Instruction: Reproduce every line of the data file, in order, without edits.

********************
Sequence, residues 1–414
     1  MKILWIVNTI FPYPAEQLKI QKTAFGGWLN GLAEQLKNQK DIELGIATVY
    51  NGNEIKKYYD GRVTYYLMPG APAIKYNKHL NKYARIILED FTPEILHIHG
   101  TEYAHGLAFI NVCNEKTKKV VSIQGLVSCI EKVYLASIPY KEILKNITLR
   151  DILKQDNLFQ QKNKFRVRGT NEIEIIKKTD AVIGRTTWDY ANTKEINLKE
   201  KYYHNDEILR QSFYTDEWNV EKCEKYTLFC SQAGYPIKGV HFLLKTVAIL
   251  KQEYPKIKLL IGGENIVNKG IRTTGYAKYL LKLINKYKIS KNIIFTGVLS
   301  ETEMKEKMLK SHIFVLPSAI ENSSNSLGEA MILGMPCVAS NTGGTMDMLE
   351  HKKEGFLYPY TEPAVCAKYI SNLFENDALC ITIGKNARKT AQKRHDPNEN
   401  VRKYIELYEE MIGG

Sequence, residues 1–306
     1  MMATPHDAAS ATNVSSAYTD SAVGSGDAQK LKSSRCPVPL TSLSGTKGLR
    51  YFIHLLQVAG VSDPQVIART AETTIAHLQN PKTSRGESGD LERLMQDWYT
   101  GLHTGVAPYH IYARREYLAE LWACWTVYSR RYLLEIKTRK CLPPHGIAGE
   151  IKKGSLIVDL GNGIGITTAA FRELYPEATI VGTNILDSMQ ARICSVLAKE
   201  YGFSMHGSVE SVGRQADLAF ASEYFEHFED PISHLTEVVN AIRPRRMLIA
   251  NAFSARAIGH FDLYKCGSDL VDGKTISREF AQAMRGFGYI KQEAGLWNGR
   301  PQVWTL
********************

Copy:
Sequence, residues 1–414
     1  MKILWIVNTI FPYPAEQLKI QKTAFGGWLN GLAEQLKNQK DIELGIATVY
    51  NGNEIKKYYD GRVTYYLMPG APAIKYNKHL NKYARIILED FTPEILHIHG
   101  TEYAHGLAFI NVCNEKTKKV VSIQGLVSCI EKVYLASIPY KEILKNITLR
   151  DILKQDNLFQ QKNKFRVRGT NEIEIIKKTD AVIGRTTWDY ANTKEINLKE
   201  KYYHNDEILR QSFYTDEWNV EKCEKYTLFC SQAGYPIKGV HFLLKTVAIL
   251  KQEYPKIKLL IGGENIVNKG IRTTGYAKYL LKLINKYKIS KNIIFTGVLS
   301  ETEMKEKMLK SHIFVLPSAI ENSSNSLGEA MILGMPCVAS NTGGTMDMLE
   351  HKKEGFLYPY TEPAVCAKYI SNLFENDALC ITIGKNARKT AQKRHDPNEN
   401  VRKYIELYEE MIGG

Sequence, residues 1–306
     1  MMATPHDAAS ATNVSSAYTD SAVGSGDAQK LKSSRCPVPL TSLSGTKGLR
    51  YFIHLLQVAG VSDPQVIART AETTIAHLQN PKTSRGESGD LERLMQDWYT
   101  GLHTGVAPYH IYARREYLAE LWACWTVYSR RYLLEIKTRK CLPPHGIAGE
   151  IKKGSLIVDL GNGIGITTAA FRELYPEATI VGTNILDSMQ ARICSVLAKE
   201  YGFSMHGSVE SVGRQADLAF ASEYFEHFED PISHLTEVVN AIRPRRMLIA
   251  NAFSARAIGH FDLYKCGSDL VDGKTISREF AQAMRGFGYI KQEAGLWNGR
   301  PQVWTL